Conservationist, Artist, Social Reformer, Writer and Teacher


Flying flag for open spaces

Sending out a May Day signal

Sending out a May Day signal

A new flag that is set to flutter above Centenary Green in Wisbech has been unfurled during May Day celebrations at Octavia Hill’s Birthplace House.

The bright banner celebrating the town’s most famous daughter, a co-founder of the National Trust who believed that open spaces made a vital contribution to people’s wellbeing, is set to be hoisted above the green which adjoins the Birthplace House at 7 South Brink.

In December 2013 the green was opened on a site that had been a derelict eyesore for more than 10 years by Dame Helen Ghosh, director general of the National Trust, to mark the 100th anniversary of the death of Octavia Hill in 1912.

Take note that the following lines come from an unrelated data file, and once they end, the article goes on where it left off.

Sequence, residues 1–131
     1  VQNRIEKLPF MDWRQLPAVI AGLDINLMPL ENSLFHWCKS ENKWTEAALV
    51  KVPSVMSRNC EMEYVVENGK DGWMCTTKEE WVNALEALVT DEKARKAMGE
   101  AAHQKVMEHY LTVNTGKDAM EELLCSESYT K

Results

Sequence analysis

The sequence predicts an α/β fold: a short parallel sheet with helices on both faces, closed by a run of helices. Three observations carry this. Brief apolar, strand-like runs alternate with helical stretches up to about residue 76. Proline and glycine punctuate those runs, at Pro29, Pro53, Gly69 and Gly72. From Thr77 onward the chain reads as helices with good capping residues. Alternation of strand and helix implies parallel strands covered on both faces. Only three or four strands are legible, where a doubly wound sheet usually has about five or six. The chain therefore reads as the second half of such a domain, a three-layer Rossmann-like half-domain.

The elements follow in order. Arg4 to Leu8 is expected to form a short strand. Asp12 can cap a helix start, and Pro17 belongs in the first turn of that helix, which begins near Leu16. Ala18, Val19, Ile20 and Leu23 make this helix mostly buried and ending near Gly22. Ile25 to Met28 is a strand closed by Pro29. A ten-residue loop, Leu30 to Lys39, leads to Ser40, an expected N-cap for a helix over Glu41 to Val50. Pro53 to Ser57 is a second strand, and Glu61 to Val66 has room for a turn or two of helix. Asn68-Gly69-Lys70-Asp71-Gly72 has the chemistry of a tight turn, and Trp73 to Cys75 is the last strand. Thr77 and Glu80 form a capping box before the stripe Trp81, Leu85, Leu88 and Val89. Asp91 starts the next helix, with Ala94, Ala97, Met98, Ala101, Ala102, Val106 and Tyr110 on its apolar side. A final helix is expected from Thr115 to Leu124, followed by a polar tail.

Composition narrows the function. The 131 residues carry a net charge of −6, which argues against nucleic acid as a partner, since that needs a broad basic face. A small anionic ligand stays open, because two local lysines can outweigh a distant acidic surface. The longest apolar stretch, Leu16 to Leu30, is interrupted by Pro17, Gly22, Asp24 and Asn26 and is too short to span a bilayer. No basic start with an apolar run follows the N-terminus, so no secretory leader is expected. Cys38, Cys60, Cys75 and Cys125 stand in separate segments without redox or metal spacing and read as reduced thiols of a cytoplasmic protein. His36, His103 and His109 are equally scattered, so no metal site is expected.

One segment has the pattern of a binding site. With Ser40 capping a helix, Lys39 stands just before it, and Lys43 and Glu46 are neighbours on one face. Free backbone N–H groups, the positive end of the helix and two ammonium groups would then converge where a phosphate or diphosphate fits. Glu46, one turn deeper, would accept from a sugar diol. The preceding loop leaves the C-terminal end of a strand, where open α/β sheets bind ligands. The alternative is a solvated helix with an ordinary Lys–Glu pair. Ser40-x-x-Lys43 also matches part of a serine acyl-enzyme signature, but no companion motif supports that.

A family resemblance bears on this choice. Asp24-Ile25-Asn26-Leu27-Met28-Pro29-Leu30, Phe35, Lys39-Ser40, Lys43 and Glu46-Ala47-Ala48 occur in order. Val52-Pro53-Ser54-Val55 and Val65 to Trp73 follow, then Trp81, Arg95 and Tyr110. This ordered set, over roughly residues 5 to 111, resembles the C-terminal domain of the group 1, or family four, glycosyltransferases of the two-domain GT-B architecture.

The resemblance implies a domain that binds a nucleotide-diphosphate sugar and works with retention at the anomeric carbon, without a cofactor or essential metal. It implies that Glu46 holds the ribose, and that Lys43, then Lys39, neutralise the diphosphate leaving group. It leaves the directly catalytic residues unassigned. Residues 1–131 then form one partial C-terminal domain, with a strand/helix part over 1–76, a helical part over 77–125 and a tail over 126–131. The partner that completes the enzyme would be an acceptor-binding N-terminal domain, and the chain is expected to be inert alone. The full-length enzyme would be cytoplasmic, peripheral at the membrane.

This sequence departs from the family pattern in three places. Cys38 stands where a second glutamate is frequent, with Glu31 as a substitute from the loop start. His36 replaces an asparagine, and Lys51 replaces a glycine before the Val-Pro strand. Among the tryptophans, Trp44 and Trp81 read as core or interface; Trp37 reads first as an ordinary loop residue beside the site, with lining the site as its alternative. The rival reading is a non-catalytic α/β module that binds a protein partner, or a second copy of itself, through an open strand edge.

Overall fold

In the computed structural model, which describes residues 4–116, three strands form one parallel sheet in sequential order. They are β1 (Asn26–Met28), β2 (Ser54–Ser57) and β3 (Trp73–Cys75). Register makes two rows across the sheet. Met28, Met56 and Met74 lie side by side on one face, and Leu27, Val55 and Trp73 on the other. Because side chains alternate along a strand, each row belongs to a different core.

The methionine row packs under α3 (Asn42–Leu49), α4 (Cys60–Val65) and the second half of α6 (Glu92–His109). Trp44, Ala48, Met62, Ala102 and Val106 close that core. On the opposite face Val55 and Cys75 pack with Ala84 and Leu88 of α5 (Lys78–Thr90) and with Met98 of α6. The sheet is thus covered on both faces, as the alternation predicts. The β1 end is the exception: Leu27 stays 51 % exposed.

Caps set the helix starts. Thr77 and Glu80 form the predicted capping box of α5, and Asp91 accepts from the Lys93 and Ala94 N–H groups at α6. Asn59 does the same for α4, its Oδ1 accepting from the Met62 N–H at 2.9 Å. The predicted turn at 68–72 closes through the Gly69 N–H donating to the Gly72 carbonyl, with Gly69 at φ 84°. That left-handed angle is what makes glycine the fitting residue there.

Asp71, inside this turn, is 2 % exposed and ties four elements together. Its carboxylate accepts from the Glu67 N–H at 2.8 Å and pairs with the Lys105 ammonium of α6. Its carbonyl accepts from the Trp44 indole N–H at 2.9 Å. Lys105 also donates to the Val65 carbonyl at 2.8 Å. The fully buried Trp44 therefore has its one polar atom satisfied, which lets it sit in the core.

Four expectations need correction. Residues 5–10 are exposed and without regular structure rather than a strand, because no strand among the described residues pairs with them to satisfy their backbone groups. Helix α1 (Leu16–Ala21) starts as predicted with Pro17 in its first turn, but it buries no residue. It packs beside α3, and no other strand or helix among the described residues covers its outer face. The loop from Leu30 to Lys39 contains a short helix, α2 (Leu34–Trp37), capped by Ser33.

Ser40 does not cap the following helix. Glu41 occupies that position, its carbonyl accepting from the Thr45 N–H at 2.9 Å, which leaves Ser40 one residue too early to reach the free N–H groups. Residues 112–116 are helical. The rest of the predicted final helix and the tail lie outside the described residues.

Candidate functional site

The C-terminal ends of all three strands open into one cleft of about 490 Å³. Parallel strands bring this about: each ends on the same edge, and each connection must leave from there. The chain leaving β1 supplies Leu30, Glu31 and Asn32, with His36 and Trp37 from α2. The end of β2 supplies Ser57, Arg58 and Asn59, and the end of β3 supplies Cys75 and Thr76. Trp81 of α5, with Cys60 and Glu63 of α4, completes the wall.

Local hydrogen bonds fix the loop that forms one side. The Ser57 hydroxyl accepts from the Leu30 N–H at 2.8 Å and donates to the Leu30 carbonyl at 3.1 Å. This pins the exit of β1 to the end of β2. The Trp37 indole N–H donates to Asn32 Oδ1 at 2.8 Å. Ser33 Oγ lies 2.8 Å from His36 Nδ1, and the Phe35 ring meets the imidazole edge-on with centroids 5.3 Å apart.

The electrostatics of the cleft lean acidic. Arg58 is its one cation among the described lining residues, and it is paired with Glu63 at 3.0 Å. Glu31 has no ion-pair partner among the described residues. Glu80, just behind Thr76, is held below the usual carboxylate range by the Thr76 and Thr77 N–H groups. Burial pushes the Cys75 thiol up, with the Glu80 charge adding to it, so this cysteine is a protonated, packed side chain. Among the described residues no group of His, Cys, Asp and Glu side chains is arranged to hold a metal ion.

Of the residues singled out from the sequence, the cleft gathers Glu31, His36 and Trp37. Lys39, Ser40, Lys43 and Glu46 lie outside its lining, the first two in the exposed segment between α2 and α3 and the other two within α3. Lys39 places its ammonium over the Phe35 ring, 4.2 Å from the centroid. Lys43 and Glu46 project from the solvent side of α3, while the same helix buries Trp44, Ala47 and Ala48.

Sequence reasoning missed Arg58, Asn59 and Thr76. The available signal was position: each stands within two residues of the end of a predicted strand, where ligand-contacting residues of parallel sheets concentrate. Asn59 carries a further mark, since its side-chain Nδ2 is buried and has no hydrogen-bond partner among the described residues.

The public garden is a living legacy reflecting the principles of a local hero who proved a doughty fighter in the open spaces movement, helping to save even the smallest neighbourhood open space as an ‘outdoor sitting room’ and campaigning on behalf of ‘pure earth, clean air and blue sky’.

Volunteers at the museum, residents of Octavia Mews and Ferry Project workers joined Peter Clayton, chairman of the Octavia Hill Birthplace Museum Trust, to give the flag its first day in the sun.

Mr Clayton said:  “This is one of the green amenity open spaces of Wisbech, which is accessible to all and is used rain or shine.   We are happy to sustain and maintain this green as an amenity for the people of Wisbech.”